Providing a high standard of accommodation for students is a daunting task, particularly as for most this is their first time living away from home, meaning that estates managers are almost acting in loco parentis. This puts great responsibility on their shoulders to ensure all elements of health and safety are under control.
Every year, according to DCLG, 350 18-24-year-olds are injured in accidental house fires started by cigarettes, smoking materials and cooking. In fact half of these fires occur because of cooking. Therefore there’s a high chance that students living in halls of residence could start a fire. This places a great deal of importance on fire prevention and management in accommodation.
Building owners and managers have legal responsibilities to take on knowledgeable people to assess and manage fire risk in their properties. Articles 17 and 18 of the RRO – or Regulatory Reform (Fire Safety) Order – make specific reference to the need to maintain fire prevention devices that are fit for purpose and to appoint one or more competent people to assist in undertaking preventive and protective measures.
The consequences of not meeting the regulations can result in severe punishments and include a large fine. In fact, the largest fine to be given to a building owner last year was the owner of a £20,000-a-year school. After admitting to 15 breaches of fire safety regulations, he was ordered to pay £50,000. The 200-pupil school was blasted for having non-functional fire doors in student sleeping areas. Other trials resulted in significant prison sentences.
These cases send out a strong message about the implications of ineffective fire management procedures, which is often caused by the lack of knowledge and understanding surrounding fire doors and the RRO. Indeed it was this widespread ignorance that led two leading authorities on fire doors, the BWF-Certifire Scheme and the Guild of Architectural Ironmongers to develop FDIS to improve knowledge and understanding about the critical role of fire doors in saving lives and protecting property.
Estate managers need to be confident that if a fire should occur they will not be in breach of the legal requirements for fire doors. If there is any doubt in your mind you should ask a certificated fire door inspector to take a look around the buildings and determine whether there are any shortfalls and what action needs to be taken. You may also want to think about undertaking a qualification such as the FDIS diploma in fire doors to assess and maintain procedures in-house so you can be confident that you can check the work of your contractors.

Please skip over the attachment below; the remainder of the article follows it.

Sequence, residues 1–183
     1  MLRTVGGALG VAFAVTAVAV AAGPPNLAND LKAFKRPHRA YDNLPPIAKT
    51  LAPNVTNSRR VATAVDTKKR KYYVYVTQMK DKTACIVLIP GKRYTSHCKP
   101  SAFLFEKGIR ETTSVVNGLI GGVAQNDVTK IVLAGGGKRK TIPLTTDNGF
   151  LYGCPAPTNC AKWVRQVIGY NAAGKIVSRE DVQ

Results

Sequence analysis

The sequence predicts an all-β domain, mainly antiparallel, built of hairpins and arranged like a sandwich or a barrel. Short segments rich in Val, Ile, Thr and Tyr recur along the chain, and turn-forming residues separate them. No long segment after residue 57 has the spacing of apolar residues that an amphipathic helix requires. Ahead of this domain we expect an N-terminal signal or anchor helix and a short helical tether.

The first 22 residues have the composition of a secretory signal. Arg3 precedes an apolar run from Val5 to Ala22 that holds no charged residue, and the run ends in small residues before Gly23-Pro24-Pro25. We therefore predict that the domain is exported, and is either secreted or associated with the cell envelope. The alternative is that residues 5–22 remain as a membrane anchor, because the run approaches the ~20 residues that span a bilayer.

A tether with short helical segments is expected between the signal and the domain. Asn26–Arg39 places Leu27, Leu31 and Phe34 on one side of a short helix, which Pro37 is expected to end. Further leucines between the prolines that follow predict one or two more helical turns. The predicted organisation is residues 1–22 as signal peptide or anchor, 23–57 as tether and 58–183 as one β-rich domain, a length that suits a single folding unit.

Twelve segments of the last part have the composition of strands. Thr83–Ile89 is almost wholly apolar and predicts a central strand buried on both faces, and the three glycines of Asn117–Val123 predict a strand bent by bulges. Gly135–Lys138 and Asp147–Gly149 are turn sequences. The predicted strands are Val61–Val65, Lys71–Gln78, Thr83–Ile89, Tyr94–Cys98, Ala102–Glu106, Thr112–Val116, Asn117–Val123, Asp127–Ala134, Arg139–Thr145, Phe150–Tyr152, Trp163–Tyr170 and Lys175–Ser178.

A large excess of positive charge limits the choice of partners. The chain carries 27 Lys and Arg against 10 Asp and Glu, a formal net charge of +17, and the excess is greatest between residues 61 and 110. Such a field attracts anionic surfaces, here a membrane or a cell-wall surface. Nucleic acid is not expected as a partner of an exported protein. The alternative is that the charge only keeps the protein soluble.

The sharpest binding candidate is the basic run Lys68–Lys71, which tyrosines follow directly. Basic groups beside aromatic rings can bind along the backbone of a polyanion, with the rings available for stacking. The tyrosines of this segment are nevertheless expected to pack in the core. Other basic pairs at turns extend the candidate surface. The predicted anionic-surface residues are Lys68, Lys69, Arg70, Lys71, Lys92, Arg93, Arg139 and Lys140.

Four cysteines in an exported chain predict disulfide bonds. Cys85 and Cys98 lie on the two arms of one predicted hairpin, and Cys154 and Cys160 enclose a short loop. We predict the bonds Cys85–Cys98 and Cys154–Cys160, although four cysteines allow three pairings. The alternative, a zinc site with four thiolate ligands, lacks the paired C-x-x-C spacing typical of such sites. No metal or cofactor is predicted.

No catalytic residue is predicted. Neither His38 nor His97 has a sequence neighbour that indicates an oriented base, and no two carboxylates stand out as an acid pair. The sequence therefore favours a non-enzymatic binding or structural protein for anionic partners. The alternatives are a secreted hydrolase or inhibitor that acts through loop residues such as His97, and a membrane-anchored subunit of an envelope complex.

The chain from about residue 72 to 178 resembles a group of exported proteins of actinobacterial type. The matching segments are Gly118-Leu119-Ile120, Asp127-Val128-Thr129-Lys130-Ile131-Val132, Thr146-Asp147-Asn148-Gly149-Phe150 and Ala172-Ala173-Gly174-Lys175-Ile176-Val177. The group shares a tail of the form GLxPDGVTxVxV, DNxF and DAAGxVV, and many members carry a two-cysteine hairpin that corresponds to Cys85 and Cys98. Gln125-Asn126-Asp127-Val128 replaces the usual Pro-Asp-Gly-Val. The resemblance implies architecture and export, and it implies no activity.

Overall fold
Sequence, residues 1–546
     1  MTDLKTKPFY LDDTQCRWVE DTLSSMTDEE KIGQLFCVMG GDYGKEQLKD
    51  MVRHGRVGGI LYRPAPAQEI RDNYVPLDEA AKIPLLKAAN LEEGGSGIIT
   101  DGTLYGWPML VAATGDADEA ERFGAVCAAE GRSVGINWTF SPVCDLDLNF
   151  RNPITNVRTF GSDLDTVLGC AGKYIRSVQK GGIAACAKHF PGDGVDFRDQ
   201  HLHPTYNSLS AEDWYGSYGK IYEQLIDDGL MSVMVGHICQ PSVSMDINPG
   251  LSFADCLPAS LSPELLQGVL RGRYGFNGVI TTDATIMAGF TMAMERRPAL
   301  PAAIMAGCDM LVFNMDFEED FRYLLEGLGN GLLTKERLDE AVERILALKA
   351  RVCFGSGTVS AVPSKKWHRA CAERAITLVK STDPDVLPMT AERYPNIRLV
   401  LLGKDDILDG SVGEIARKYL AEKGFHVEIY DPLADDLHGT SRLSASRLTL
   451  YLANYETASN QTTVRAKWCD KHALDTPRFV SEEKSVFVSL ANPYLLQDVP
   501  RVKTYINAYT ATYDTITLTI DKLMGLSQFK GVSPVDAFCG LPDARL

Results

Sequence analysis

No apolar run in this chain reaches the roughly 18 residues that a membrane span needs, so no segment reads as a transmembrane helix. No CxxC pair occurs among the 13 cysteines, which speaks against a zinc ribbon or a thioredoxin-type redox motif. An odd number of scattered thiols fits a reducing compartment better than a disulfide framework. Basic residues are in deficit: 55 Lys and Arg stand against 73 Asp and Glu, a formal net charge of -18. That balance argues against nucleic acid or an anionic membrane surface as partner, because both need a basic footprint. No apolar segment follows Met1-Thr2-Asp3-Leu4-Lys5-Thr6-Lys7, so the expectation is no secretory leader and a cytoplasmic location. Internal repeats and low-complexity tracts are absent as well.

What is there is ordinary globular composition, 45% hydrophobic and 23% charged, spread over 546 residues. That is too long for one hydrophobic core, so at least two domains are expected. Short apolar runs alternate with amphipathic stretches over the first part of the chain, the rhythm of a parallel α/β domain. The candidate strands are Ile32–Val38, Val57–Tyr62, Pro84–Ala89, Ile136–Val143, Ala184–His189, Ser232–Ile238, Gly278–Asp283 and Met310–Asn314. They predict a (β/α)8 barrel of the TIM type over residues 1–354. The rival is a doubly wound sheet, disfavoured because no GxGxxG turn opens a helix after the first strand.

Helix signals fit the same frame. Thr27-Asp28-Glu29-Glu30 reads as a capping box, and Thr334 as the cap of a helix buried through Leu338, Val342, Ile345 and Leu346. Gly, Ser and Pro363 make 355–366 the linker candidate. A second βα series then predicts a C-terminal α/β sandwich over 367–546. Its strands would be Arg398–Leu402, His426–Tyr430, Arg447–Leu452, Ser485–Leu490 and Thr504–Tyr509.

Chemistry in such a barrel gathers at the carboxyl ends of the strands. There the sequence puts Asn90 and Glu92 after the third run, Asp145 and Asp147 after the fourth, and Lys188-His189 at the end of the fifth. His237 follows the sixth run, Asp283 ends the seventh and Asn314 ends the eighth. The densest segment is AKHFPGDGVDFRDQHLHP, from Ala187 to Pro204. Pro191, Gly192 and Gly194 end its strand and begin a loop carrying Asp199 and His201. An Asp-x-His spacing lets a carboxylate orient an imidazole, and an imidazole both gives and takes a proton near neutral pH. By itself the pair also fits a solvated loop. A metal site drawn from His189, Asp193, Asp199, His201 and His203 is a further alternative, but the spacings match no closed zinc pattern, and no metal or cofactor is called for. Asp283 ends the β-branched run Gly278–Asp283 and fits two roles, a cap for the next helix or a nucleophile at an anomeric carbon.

Rod Harrison, a fire safety officer at Loughborough University, is responsible for 19 halls of residence and understands the challenges of keeping on top of everything. But he also recognises the importance fire doors play in keeping students safe. He chose to undertake the FDIS diploma to improve his knowledge and understanding. “We have an extremely good inspection regime that, of course, means checking on the condition of fire doors,” he says. “Although we understand what is needed and why, passing the FDIS diploma means that when it comes to specifying, installing and maintaining fire doors, we have even more confidence that our knowledge, training and competency levels are at a very high standard.”
The FDIS diploma is studied online and comprises seven specialist modules. Each module can be undertaken at a time and pace to suit learners and includes tests that can be used to check knowledge prior to taking the examination.
Educational establishments are also appointing CertFDI-certificated fire door inspectors to assess and inspect the fire doors and escape doors installed in their buildings. Their expertise is valuable not only in complying with legal obligations, but also in resolving any issues with contractors who have recently installed or repaired fire doors.
Neil Ashdown is general manager, Fire Door Inspection Scheme (FDIS) W: www.fdis.co.uk